Reparative therapy may be a lie, but the lie begins not with the idea that we can change from gay to straight, but with the belief that we are who the culture tells us we are…And no one, no matter what age, is safe from that. Peter Gajdics, The Inheritance of Shame: A Memoir (2017), about conversion therapy
Conversion therapy has to go—and I mean nationwide. Representative Ted Lieu (D-Calif.) agrees. Both Senators Patty Murray (D-Wash.) and Corey Booker (D-NJ), moreover, have joined Lieu in introducing the Therapeutic Fraud Prevention Act of 2017, aimed at having the Federal Trade Commission call conversion therapy what it is: a fraudulent practice.
States Lieu (Washington Post) regarding the Act: “It says it is fraud if you treat someone for a condition that doesn’t exist and there’s no medical condition known as being gay. LGBTQ people were born perfect; there is nothing to treat them for. And by calling this what it should be, which is fraud, it would effectively shut down most of the organizations.”
For a comprehensive list, by the way, of anti-conversion-therapy position statements issued over the years by mental health and medical professional associations, see this Human Rights Campaign (HRC) link.
It should be noted that some states already ban conversion therapy and its practitioners: California, New Jersey, Oregon, Illinois, Vermont, and New Mexico. Also the District of Columbia—and kinda New York in that they have something in place that serves the same purpose.
Several recent memoirs have chronicled the dire effects of being forced into conversion therapy in one’s youth. (See my post “Three Memoirs About Surviving Conversion Therapy.”) But as Steven Susoyev, a reviewer for LambdaLiterary.org, points out, it’s not always about outright coercion or being a minor:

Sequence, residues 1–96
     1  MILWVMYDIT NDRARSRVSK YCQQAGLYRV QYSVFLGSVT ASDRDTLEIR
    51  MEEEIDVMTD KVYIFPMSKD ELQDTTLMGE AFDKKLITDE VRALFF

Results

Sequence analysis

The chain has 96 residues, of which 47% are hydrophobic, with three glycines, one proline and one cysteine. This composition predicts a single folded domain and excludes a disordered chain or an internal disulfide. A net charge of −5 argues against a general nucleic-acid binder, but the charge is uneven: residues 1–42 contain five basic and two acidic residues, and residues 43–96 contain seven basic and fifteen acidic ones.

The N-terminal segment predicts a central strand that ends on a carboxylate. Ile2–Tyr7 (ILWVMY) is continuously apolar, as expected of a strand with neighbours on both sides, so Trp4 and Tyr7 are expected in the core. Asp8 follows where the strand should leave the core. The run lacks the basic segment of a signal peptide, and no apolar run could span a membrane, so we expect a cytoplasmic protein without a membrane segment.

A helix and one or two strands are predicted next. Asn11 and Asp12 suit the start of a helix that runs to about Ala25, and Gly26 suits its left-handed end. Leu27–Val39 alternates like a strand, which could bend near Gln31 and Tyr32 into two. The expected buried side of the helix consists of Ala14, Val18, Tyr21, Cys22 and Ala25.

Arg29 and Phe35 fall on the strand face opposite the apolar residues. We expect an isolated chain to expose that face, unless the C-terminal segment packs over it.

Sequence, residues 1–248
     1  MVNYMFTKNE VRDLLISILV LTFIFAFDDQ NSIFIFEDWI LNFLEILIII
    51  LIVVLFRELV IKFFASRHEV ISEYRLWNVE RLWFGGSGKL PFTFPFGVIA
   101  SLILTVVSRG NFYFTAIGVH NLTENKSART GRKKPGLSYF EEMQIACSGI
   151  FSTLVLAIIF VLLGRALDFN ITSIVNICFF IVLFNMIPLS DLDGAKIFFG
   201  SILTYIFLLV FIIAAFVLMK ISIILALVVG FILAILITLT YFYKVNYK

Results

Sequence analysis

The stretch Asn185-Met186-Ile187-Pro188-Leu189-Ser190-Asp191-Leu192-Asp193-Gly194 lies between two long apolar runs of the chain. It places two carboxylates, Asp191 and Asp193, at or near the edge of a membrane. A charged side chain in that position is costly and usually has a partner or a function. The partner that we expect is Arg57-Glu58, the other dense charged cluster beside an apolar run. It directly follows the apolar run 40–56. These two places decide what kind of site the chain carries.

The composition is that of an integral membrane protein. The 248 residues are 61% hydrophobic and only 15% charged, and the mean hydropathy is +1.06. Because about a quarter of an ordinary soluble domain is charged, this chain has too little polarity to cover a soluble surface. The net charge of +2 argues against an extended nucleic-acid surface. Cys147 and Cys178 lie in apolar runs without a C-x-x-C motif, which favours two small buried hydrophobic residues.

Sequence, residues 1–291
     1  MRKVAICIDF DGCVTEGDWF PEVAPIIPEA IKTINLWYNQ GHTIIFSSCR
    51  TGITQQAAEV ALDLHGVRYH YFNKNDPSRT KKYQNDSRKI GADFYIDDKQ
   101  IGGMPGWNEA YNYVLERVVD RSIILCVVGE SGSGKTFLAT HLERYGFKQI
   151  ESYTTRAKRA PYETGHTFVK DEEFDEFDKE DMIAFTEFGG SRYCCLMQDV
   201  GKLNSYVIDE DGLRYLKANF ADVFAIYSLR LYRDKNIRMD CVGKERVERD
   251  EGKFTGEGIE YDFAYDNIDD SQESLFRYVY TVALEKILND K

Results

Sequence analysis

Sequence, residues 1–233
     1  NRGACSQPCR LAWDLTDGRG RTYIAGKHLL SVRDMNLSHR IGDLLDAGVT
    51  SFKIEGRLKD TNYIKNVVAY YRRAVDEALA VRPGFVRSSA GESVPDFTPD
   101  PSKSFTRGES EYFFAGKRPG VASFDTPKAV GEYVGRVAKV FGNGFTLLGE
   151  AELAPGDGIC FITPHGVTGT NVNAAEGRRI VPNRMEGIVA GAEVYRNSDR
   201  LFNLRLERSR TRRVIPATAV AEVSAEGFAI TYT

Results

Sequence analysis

Less common in the popular imagination is the story of a young gay person who voluntarily submits to psychological mutilation. In The Inheritance of Shame, Peter Gajdics, now in his early fifties, takes us into the heart and mind of his 24-year-old self, a desperate young man who believed everything his family and church told him about who he was, and who resolved to become an entirely different person, at any cost.
The Inheritance of Shame will be published in a couple weeks. An early review from author Daniel Zomparelli: “In Peter Gajdics’ memoir, we’re taken into a real-life horror film of malpractice and corrupt psychotherapy, hoping at every turn of the page that our narrator escapes. A shocking, crystal-clear, unsettling book. The Inheritance of Shame is both a necessary and devastating memoir about the trauma of conversion therapy and the homophobia that persists to this day.”
Guess who else recently tried to educate his audience about the weirdness of therapy to change someone’s sexual orientation? Bill Nye the Science Guy. As seen on his Netflix series Bill Nye Saves the World, he uses different flavors of ice cream to parallel various sexual orientations: